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    The old saw about anything you do for 21 days becoming a habit has been pretty much discredited, but there is a kernel of truth there — anything you do long enough becomes an ingrained behavior, a habit. Some people pick up habits quickly, others over a longer time span, but eventually, the behaviors become automatic.

    Building productive habits, then, is a matter of repeating a desired behavior over a long enough period of time that you start doing it without thinking.

    But how do you remember to do that? And what about the things that don’t need to be habits — the one-off events, like taking your paycheck stubs to your mortgage banker or making a particular phone call?

    The trick to reminding yourself often enough for something to become a habit, or just that one time that you need to do something, is to interrupt yourself in some way in a way that triggers the desired behavior.

    The Wonderful Thing About Triggers — Reminders

    A trigger is anything that you put “in your way” to remind you to do something. The best triggers are related in some way to the behavior you want to produce.

    For instance, if you want to remember to take something to work that you wouldn’t normally take, you might place it in front of the door so you have to pick it up to get out of your house.

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    But anything that catches your attention and reminds you to do something can be a trigger. An alarm clock or kitchen timer is a perfect example — when the bell rings, you know to wake up or take the quiche out of the oven. (Hopefully you remember which trigger goes with which behavior!)

    If you want to instill a habit, the thing to do is to place a trigger in your path to remind you to do whatever it is you’re trying to make into a habit — and keep it there until you realize that you’ve already done the thing it’s supposed to remind you of.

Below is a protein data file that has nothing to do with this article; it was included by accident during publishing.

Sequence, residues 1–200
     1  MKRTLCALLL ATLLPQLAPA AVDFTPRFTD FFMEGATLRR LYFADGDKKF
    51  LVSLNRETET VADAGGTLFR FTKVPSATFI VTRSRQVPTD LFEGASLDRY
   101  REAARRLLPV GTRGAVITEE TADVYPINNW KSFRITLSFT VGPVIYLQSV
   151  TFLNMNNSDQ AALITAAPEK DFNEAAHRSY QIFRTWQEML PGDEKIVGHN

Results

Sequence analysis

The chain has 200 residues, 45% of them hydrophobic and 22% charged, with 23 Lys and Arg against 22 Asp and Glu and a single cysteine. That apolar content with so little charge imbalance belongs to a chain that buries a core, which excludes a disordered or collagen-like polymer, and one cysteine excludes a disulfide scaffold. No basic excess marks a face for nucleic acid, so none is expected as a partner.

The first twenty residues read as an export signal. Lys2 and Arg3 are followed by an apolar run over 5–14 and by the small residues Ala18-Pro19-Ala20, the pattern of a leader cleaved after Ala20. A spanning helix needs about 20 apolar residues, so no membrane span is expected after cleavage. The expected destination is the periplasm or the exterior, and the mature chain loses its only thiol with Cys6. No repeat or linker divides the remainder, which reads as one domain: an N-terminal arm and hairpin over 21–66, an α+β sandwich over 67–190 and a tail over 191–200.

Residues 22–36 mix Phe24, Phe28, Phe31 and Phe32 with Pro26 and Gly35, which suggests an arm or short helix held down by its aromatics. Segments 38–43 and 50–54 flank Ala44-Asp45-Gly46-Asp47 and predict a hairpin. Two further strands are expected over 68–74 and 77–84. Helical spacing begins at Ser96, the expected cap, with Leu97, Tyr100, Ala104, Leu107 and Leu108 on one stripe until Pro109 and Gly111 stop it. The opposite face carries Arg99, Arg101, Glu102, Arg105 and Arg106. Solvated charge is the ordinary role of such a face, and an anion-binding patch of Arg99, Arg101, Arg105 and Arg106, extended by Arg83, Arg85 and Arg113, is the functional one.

For instance, a post-it saying “count your calories” placed on the refrigerator door (or maybe on your favorite sugary snack itself)  can help you remember that you’re supposed to be cutting back — until one day you realize that you don’t need to be reminded anymore.

    These triggers all require a lot of forethought, though — you have to remember that you need to remember something in the first place.

    For a lot of tasks, the best reminder is one that’s completely automated — you set it up and then forget about it, trusting the trigger to pop up when you need it.

    How to Make a Reminder Works for You

    Computers and ubiquity of mobile Internet-connected devices make it possible to set up automatic triggers for just about anything.

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    Desktop software like Outlook will pop up reminders on your desktop screen, and most online services go an extra step and send reminders via email or SMS text message — just the thing to keep you on track. Sandy, for example, just does automatic reminders.

    Automated reminders can help you build habits — but it can also help you remember things that are too important to be trusted even to habit. Diabetics who need to take their insulin, HIV patients whose medication must be taken at an exact time in a precise order, phone calls that have to be made exactly on time, and other crucial events require triggers even when the habit is already in place.

    My advice is to set reminders for just about everything — have them sent to your mobile phone in some way (either through a built-in calendar or an online service that sends updates) so you never have to think about it — and never have to worry about forgetting.

    Your weekly review is a good time to enter new reminders for the coming weeks or months. I simply don’t want to think about what I’m supposed to be doing; I want to be reminded so I can think just about actually doing it.

    I tend to use my calendar for reminders, mostly, though I do like Sandy quite a bit.

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    Featured photo credit: Unsplash via unsplash.com

    Reference

    [1] Getting Things Done: Trusted System